FIG. 10A is a graph showing the optical intensity when the refractive index n1 is changed while the refractive index n2 is fixed at 1.5 when the incident angle 1 is 60° FIG. 10B is a graph showing the optical intensity when the refractive index n1 is changed while the refractive index n2 is fixed at 1.5 when the incident angle θ1 is 70. Curves L3 and L4 represent the light intensities of the P-polarized reflected light 16, curves L5 and L6 represent the light intensities of the S-polarized reflected light 16, curves L7 and L8 represent the light intensities of the P-polarized transmitted light 17. and curves L9 and L1O represent the light intensities of the S-polarized transmitted light 17, respectively. It is can be seen that the amount of the reflected light can be changed continuously by changing the refractive index of the variable refractive index substance layer.

The basic operation principle of the deflecting device 1 is described above. More specifically, the incident light coming into the deflecting device via the prism 12 is split into the light reflected by the interface between the variable and isotropic refractive index substance layers 7 and 5 and the transmitted light passing through the interface. By changing the refractive index of the variable refractive index substance layer 7, the light intensities of the reflected light and the transmitted light can be changed. Furthermore, the transmitted light is reflected by the surface of the light reflecting electrode 4. By delivering the light reflected by the interface between the refractive index substance layers 7 and 5 and the light reflected by the surface of the reflecting electrode 4 in the directions different from each other, switching can be performed without causing an optical interference. Therefore, the surface of the reflecting electrode 4 is tilted by the tilting means 3 having an angle of δ (a tilt angle of δ).

Since the variable refractive index substance layer 7 is formed with a liquid crystal and switching is performed by using a specific polarization in the embodiment, the orientation films 6 and 8 are required. Therefore, it is necessary to consider the effect of the orientation film 6 on the reflection and transmission at the interface between the variable refractive index substance layer 7 and the isotropic refractive index substance layer 5. However, the orientation film is used almost generally for devices using liquid crystals, and the refractive index of the orientation film is almost the same as that of the liquid crystal. Therefore, it is regarded that the refraction by the orientation film can be neglected.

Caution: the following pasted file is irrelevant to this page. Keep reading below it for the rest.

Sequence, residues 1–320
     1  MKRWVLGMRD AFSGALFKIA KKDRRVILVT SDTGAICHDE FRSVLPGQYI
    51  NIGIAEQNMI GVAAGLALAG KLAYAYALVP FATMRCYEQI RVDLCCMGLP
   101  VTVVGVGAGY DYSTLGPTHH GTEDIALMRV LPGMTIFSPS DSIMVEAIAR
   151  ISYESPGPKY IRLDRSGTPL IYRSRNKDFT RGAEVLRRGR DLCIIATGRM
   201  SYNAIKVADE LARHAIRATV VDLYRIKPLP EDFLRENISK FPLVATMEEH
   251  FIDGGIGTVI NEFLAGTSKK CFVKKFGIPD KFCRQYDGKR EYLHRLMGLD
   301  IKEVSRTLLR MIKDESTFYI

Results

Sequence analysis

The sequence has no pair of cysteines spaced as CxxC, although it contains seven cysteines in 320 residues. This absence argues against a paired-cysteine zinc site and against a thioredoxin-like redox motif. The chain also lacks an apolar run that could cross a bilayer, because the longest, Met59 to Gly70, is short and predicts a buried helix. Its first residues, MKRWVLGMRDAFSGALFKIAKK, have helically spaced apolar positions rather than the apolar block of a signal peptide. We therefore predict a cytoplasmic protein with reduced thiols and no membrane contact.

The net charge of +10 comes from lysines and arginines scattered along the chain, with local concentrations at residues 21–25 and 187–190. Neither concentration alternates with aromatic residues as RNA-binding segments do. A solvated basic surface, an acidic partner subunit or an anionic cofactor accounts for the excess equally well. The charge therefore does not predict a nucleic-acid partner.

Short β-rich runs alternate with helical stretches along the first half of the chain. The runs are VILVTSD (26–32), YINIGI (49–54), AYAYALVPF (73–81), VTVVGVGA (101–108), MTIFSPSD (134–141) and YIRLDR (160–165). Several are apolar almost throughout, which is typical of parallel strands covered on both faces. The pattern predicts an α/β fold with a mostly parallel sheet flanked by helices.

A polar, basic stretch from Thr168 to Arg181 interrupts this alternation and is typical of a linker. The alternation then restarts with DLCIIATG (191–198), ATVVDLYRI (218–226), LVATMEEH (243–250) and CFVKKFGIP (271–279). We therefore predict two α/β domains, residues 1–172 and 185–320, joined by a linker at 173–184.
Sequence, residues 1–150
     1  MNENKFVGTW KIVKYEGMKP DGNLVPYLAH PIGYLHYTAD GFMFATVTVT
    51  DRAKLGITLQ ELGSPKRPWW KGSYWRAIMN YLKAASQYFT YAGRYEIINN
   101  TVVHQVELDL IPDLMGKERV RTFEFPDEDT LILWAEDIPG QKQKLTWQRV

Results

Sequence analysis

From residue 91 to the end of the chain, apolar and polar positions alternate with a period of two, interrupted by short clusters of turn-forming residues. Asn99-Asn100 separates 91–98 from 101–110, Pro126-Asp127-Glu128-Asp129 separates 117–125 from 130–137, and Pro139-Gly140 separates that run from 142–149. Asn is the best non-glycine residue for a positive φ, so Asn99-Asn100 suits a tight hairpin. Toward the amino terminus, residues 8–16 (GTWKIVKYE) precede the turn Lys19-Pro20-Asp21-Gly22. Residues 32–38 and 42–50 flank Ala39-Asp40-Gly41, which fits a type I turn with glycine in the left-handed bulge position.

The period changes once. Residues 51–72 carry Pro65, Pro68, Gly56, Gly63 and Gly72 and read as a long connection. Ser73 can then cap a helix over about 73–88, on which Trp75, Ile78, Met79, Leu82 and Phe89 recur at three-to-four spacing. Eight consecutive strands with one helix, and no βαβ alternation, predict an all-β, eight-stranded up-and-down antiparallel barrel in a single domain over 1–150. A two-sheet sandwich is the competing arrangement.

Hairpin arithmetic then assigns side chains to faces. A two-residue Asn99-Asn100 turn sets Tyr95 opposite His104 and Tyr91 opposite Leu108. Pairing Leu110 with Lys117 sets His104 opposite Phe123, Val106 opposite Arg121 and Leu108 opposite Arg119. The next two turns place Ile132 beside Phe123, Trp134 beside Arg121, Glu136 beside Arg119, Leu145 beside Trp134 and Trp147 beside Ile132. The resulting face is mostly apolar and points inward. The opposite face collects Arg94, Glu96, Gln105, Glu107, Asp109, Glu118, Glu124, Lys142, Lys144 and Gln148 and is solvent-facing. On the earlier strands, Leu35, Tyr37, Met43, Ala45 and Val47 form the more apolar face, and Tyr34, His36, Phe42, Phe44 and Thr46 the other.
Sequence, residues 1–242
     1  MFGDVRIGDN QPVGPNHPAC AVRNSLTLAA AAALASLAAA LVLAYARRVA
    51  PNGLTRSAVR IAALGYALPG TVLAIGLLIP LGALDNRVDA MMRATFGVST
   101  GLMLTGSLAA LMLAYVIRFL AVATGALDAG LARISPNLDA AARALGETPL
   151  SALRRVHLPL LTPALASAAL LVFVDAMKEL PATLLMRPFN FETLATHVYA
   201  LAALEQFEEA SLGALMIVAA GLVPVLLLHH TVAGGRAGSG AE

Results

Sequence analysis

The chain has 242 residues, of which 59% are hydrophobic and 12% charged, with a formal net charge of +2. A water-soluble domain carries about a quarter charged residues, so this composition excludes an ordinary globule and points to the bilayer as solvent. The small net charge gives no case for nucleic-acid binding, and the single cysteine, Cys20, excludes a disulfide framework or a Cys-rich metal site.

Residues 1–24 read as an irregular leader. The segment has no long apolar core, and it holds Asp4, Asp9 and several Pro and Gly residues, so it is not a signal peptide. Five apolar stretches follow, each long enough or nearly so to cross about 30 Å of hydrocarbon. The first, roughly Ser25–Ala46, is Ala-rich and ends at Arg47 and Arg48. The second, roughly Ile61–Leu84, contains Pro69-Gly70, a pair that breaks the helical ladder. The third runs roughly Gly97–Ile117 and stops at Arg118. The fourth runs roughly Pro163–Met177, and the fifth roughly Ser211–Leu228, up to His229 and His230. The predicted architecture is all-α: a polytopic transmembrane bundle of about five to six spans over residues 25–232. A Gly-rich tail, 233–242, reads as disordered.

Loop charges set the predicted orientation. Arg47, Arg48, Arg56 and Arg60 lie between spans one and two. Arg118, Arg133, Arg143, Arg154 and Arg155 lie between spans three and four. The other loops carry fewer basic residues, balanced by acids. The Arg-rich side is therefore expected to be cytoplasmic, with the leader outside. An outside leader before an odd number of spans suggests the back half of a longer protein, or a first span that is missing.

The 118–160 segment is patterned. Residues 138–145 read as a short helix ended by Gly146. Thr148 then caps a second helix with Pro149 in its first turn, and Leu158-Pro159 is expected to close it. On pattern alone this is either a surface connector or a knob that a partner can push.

In the deflecting device 1, part of the incident light coming into the deflecting device at the incident angle +θ1 is reflected by the interface between the refractive index substance layers 7 and 5, and the reflected light goes out at the outgoing angle -θ2, the absolute value of which is equal to that of the incident angle θ1. The light which has passed through the interface is allowed to be incident on the isotropic refractive index substance layer 5 at the outgoing angle θ3 and is reflected by the surface of the reflecting electrode 4. The reflected light is reflected at the angle of -(θ3±2·δ) with respect to the surface 2a of the insulating substrate 2 and goes out. With this kind of structure, the light split at the interface is not composed again, thereby preventing adverse effects resulting from the interference.

FIG. 11A is a view showing outgoing light beams 20a and 20b when the tilt angle of the tilting means 3 are set to ≠0 and ≠θ1/2. FIG. 11B is a view showing outgoing light beams 20a, 20b when the tilt angle δ of the tilting means is set to =θ1/2.

The incident light 19 coming into the prism 12 is perpendicular to, for example, the second surface 12b on the light incident side of the prism 12. The incident angle θ1 is determined by the angle α of the prism 12. The light (the ON state light) 20a reflected by the interface between the refractive index substance layers 7 and 5 goes out at the outgoing angle θ2, instead of the tilt angle of the tilting means 3, the absolute angle of the outgoing angle being equal to that of the incident angle θ1. In other words, the light goes out in a direction perpendicular to the second surface 12b on the light outgoing side of the prism 12.

The light 20b (the OFF state light) which has passed through the interface between the refractive index substance layers 7 and 5 and reflected by the surface of the reflecting electrode 4 goes out at an angle other than a right angle with respect to the third surface 12c of the prism 12 when the tilt angle is set to δ≠0 and δ≠θ1/2. When the tilt angle δ=θ1/2, the light goes out in a direction perpendicular to the third surface 12c of the prism 12.

The light 20a can be replaced with the OFF state light, and the light 20b can be replaced with the ON state light.